Her Face for the World to See
In the era of Harold Robbins, she wrote the book on love, mob-style. From the mid-1950s to 1961 Liz Renay had the kind of troubles that only organized crime could render – subpoenas, jail, abandonment, disgrace, paranoia. She had spiraled into the mob as a beautiful showgirl dating Albert Anastasia’s reputed bodyguard Tony “Cappy” Coppola. Using him as a springboard, she bounced from New York to Hollywood, where Mickey Cohen introduced her to the casting couch. She leant Cohen some money and the gratuity ruined her life. After a barrage of subpoenas and a grand jury appearance resulted in a perjury charge, a hanging judge threw her into jail for three years. Her story’s title cried big tears: My Face for the World to See.
Liz Renay – striptease dancer, B-girl, gun moll – confessed with no footnotes. It’s not a perfect way to get the history, but in firsthand accounts of a woman’s life with the mob, it beats a blank. The genre of not-really-true crime confessionals had been established earlier with the publication of the Roaring Twenties madam Polly Adler’s memoir, A House is Not a Home, the raunchy masterpiece of ghostwriting which became a bestseller. In this type of confession genre, there is no documentation, no tangible facts save for what’s on public record – and fact-checkers have to look up newspaper records and court documents to establish timelines hiding beneath the innuendo.
Renay’s story does not resonate historically like Polly Adler’s tale of vice in the age of Tammany. It does, however, put a personal spin on the intense pressure that mob associates felt in the McClellan era. Renay blamed her three-year commitment on Robert Kennedy’s vow to get Mickey Cohen. The tax evasion case against Cohen in 1961 and ’62 swept Renay into prison on a suspicious technicality after she’d been set free on probation on the perjury charge. “Could Robert Kennedy be so base that he’d smash my life...?”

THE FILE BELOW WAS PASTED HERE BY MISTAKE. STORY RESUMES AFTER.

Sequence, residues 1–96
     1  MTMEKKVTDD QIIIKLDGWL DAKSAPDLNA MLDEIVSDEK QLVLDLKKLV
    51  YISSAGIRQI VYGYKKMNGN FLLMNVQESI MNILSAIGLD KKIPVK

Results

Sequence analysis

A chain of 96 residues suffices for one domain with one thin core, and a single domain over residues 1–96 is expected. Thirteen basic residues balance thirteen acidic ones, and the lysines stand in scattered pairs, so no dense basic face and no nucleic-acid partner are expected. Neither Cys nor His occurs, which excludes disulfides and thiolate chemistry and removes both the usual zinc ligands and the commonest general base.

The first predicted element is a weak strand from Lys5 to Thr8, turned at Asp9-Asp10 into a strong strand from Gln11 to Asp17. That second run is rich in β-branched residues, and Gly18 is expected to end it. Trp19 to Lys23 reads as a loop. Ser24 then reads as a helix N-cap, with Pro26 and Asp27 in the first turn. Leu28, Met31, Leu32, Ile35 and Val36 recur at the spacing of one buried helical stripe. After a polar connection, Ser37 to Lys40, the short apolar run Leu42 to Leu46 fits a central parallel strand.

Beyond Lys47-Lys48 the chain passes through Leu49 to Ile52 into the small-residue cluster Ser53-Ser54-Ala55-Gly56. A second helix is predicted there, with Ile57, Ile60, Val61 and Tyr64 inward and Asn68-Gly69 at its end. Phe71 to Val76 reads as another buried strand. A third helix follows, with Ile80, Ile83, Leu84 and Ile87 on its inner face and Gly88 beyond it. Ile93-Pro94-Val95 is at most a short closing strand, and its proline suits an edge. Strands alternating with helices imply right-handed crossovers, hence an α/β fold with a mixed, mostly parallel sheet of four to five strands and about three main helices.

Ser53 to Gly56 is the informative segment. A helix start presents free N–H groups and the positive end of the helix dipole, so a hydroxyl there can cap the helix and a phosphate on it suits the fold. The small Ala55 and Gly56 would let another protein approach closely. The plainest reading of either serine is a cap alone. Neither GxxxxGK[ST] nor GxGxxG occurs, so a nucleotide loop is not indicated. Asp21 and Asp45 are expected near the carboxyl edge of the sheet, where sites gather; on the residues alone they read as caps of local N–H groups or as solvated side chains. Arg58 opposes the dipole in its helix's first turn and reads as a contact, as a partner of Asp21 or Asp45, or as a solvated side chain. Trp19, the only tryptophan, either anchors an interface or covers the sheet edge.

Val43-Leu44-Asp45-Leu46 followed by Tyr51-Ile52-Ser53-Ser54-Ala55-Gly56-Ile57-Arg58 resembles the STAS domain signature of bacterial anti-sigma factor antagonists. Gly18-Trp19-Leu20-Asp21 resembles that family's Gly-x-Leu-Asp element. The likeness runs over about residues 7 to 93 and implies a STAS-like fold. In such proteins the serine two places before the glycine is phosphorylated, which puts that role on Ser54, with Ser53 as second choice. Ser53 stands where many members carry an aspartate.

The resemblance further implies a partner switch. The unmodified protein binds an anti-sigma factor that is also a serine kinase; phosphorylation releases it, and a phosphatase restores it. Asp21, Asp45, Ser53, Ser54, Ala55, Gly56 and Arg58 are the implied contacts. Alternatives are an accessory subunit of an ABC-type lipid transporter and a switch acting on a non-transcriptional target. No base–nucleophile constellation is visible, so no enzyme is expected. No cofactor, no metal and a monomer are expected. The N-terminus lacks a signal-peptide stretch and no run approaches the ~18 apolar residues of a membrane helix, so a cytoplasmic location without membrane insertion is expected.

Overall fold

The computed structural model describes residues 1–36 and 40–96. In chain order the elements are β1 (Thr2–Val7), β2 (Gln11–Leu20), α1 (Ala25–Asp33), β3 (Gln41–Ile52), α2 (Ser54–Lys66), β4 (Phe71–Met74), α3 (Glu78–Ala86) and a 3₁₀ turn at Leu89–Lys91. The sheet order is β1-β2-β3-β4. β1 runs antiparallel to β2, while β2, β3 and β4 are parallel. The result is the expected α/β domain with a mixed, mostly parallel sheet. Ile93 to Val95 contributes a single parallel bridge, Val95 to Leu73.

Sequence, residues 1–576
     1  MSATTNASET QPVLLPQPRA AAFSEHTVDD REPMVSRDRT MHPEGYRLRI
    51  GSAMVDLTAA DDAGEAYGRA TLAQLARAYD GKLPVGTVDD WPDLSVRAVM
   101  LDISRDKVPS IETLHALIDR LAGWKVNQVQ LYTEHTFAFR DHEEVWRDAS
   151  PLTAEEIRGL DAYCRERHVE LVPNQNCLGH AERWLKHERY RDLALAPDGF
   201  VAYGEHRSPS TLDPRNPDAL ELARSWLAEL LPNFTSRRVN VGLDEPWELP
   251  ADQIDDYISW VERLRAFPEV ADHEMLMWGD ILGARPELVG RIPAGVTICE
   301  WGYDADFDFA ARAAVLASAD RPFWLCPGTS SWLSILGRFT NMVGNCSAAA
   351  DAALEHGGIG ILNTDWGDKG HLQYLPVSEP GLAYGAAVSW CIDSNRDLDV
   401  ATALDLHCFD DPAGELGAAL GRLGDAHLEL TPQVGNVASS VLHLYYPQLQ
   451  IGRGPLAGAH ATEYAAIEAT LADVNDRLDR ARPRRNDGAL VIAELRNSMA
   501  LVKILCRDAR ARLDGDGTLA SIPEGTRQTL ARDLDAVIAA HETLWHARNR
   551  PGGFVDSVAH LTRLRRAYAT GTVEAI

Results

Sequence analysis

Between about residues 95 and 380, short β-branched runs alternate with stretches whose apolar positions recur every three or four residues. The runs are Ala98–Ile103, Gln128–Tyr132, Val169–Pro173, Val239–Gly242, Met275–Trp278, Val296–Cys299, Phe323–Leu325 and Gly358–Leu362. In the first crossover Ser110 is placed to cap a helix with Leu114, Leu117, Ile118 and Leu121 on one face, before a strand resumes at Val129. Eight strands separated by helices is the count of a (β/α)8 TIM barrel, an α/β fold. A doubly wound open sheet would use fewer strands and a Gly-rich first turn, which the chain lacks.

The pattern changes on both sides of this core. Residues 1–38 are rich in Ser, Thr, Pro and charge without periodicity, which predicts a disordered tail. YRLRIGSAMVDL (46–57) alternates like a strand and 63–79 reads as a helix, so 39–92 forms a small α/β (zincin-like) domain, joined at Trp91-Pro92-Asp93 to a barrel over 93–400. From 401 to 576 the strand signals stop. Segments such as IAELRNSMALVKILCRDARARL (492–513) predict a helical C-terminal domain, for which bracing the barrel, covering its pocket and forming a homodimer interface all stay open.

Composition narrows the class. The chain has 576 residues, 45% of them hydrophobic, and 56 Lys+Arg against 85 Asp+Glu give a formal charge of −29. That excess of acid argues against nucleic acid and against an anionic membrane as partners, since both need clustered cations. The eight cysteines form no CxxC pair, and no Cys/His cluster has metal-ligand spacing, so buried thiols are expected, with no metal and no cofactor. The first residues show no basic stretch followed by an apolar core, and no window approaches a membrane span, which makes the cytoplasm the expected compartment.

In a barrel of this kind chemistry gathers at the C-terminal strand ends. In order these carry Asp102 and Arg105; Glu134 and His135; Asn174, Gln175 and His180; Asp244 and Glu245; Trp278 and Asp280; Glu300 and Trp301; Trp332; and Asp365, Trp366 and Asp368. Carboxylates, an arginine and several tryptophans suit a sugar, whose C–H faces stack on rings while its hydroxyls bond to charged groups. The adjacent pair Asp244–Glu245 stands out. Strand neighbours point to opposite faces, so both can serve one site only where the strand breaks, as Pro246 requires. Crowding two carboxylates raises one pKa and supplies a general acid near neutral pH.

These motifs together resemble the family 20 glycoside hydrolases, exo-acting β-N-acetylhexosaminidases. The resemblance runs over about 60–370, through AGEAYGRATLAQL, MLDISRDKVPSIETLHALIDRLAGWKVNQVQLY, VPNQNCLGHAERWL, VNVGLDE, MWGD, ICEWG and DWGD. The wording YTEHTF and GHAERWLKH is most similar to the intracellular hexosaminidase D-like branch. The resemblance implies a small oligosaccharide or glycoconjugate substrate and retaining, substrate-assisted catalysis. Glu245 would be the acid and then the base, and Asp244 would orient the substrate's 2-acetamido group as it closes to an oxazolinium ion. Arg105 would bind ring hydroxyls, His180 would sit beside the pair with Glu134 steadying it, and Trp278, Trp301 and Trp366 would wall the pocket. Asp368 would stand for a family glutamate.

For Adler and Renay, the dangers were everywhere. The D.A. had boiler-plated their names onto blue-backed subpoenas while the mob tailed them to within five feet of every police station house. In an uncharacteristic way, their memoirs detailed lurid true-crime with a tender twist. After a meeting with New York District Attorney Frank Hogan, Renay’s only thought is to take a warm bubble bath. Polly Adler detested the experience of the prison shower messing up her salon-styled hair. The editors chose to focus these molls' indignities on the trivialities of hair and makeup;
Maybelline saved their world.
Consider that Renay talked about Albert Anastasia; Adler dished about Detroit’s Purple Gang. Their musings were not based on specific activities but rather, gifts, proposals, manners – nothing to rival the revelations of Joseph Valachi or Henry Hill. Neither woman was ever coaxed into protective custody or witness protection for selling out the secret of Cappy’s botched marriage proposal or the Purple Gang’s crass behavior while visiting Adler’s house of prostitution.
The warnings issued to known crime figures who have flirted with memoirs are well-known among readers of true crime nonfiction. Those who did cross the line to talk lived out their lives in federally sanctioned hiding places. Yet Renay and Adler carried on without the mob connections of their wild days. Renay knew that after-the-fact meant just that. She left the life of a moll for a 1970’s reinvention as a campy film star.
There are legions of historical gun molls who, framed in their black & white photos taken in courtrooms, mob funerals and police stations, didn’t change with time but remain frozen in whatever era they typify. (See Reney below, on trial and accompanied by her loving daughter.)
By turning their tawdry experiences into literary stock, Adler and Renay elevated themselves and in doing so, escaped the mob. It wasn’t easy. Polly Adler’s worst John would prove to be the U.S. tax man. Liz Renay made her image pay as an old stripper for the new age. They both found life after organized crime. More realistically, they stayed alive. (This blog is reprinted from an article originally submitted to the Las Vegas Mob Museum.)